Sex as a Biological Variable Video Training Series

Differences between males and females extend far beyond reproduction, with significant implications for human health and disease. This is particularly relevant in neuroscience, where difference in basic biology between males and females translates into sex differences in the prevalence, progression, and responses to treatment of many brain disorders. Cohen Veterans Bioscience developed an unprecedented new video series that provides the practical knowledge necessary for preclinical researchers to incorporate sex as a biological variable into their current and future research. The 18-part video training program was developed to help strengthen the translation of basic research findings to human care and enhance the overall quality of preclinical research.

EQIPD

There are no universally agreed upon guidelines that govern the design, conduct, and analysis of preclinical research. As a result, the development of new medications has slowed dramatically in the last 10 years due to the high risk of failure. The EQIPD project (2017-2021) aimed to reverse this trend by bringing together a consortium of over 20 research groups from industry and academia to develop a simple, strategies to reduce the risks of drug development research and ensure adherence to rigorous research practices. The Guarantors of EQIPD were founded in 2021 to disseminate the developed strategies to the research community. Cohen Veterans Bioscience is a fiscal sponsor of the Guarantors of EQIPD.

Incentivizing the publication of negative data

When science is properly conducted, negative results, or results that do not confirm the expected outcome or original hypotheses, are a natural occurrence. However, much of the science that is published is skewed towards positive results, with some estimates indicating that 85% of all published studies in neuroscience publish only positive results. The end result is a loss of time and money as researchers pursue avenues of scientific inquiry that are bound to fail. Cohen Veterans Bioscience believes that we need a paradigm shift in which negative data is valued according to the same standards as positive data and has taken a number of steps to demonstrate the value of negative data to the scientific process.

Best Negative Data Prize in Preclinical Neuroscience

  • Learn more and see the list of past prize winners here.

Best Negative Data Prize in Clinical Neuroscience

  • Learn more here.
  • See the publications from the past winner here

Neurotrauma Reports Null Hypothesis Section

  • Learn more here.
  • Read the publications here.
  • Q&A with one of the authors in the collection can be found here.

Discovering critical biomarkers to help match PTSD patients to the most effective treatment

The Biomarker Establishment for Superior Treatment of PTSD Study (BEST)

In partnership with our research collaborators at Stanford University, we studied clinical biomarkers to identify brain activity patterns, or neural signatures, in PTSD within a large Veteran population.

The results showed that PTSD patients could be stratified into groups based on changes in blood flow in a brain circuit, showing a correlation with patients who responded to prolonged exposure psychotherapy, a common PTSD treatment. These findings help move PTSD diagnosis and treatment away from a symptoms-based approach to a biologically-based approach, which can provide the basis for the development of targeted treatments and novel therapeutics.

Our goal is to create a brain signature specific to an individual and then tailor treatment accordingly. Ultimately, we hope to have a clinic-ready tool that will dramatically change how we care for patients with post-traumatic stress disorder.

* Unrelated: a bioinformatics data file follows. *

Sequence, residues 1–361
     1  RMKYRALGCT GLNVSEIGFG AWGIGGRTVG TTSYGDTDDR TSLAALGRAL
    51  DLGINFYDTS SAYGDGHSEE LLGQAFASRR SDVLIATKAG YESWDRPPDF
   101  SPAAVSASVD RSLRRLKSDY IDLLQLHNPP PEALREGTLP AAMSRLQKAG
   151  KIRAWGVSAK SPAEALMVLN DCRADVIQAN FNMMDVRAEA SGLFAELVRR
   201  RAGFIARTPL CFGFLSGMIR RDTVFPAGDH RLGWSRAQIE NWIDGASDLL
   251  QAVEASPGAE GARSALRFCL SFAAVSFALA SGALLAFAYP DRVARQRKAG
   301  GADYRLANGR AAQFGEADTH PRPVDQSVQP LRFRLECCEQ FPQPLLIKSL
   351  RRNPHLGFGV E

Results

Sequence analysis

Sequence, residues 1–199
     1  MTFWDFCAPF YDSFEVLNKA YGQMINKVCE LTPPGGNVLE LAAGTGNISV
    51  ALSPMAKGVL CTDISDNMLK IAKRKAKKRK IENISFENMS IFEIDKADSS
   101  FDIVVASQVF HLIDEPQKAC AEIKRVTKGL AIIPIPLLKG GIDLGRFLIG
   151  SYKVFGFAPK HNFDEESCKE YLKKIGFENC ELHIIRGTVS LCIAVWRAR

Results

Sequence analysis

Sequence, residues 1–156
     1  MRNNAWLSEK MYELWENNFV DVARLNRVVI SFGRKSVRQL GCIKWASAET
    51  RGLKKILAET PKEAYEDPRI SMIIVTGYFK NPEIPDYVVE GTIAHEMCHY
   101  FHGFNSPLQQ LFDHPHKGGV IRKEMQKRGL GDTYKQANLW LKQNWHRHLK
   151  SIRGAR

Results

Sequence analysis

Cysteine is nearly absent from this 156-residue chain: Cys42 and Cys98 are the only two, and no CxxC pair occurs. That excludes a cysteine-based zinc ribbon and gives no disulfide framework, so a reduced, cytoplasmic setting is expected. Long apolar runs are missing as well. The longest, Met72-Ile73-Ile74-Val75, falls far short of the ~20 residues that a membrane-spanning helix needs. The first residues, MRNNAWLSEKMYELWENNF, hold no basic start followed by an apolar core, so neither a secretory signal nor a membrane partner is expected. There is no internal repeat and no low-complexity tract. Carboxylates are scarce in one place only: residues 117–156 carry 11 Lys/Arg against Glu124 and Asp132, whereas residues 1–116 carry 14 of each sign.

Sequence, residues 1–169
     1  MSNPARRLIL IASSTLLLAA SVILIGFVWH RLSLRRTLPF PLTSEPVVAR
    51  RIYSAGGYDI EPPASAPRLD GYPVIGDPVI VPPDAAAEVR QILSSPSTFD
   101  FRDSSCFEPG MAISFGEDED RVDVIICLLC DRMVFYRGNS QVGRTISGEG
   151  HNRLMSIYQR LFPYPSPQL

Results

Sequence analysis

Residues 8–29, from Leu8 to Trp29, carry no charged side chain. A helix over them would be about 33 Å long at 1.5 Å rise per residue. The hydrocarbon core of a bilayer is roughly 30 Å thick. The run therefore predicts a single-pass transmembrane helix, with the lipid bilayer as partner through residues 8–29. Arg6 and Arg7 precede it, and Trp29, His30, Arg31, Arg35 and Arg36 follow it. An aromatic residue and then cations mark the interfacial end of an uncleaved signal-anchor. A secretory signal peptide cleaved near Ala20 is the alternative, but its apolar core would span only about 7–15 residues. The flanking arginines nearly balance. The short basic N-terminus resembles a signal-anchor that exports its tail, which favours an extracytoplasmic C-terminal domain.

– Amit Etkin, MD, PhD
Professor of Psychiatry and Behavioral Sciences, Stanford University

Discovering the genetic risk of PTSD

The Global PTSD Genetics Study

Through coordination with more than 200 researchers, across 12 countries, researching genetic data from more than 200,000 people, we demonstrated that the risk of developing PTSD after experiencing trauma is heritable. The study advanced our understanding of PTSD, demonstrating that heritability estimates for PTSD range between 5-20%, which are similar to rates observed for major depression.

We need a drug discovery revolution in PTSD…unbiased genetics approaches will provide the basis for new, rational therapeutics – and may eventually help us better match treatments to patients.

– Karestan C. Koenen PhD
Principal investigator, Stanley Center for Psychiatric Research, Broad Institute and Harvard T.H. Chan School of Public Health

Improving the diagnosis of traumatic brain injury (TBI)

Normative Neuroimaging Library (NNL)

Advanced MRI imaging can now detect microscopic changes in brain structure and/or function caused by trauma or disease. By performing standardized MRI scans on 3,000 adult volunteers who have not been affected by brain trauma or disease, we are forming a library that documents normal population variation. This imaging library would allow physicians to accurately and efficiently diagnose conditions resulting from subtle and early changes in brain structure.

The TBI imaging reference library will provide key information necessary to capitalize on these increasingly available analytical approaches to allow for imaging to help support decisions in the management.

– James R. Stone, MD, PhD
NNL principal investigator, and Vice Chair of Research, UVA Department of Radiology and Medical Imaging

Developing digital health solutions for insomnia

Sleepwell

Sleep disruptions are one of the most debilitating symptoms of PTSD and TBI, and are a risk factor for suicide. We’re developing digital health solutions to validate and analyze data collected from wearables that capture the minute-to-minute experiences of people whose lives are disrupted by PTSD and other brain disorders. Improving methods of measuring sleep will enable the development of precision therapeutics for sleep disorders that are user-friendly, cost-effective, and reliable.

Tracking disease progression in early stage Parkinson’s disease

Parkinson’s Progression Markers Initiative (PPMI) Data Science Modeling Group

The Parkinson’s Progression Markers Initiative (PPMI), sponsored by The Michael J. Fox Foundation (MJFF), is a landmark clinical study designed to identify biomarkers of Parkinson’s disease to predict disease progression and improve patient care. In our aligned missions to advance brain health, MJFF is partnering with CVB’s data science team to quantitatively explore, evaluate, and predict disease trajectory and risk factors using the collected data. The goal of the PPMI is to support the development of new therapies for use in clinical trials.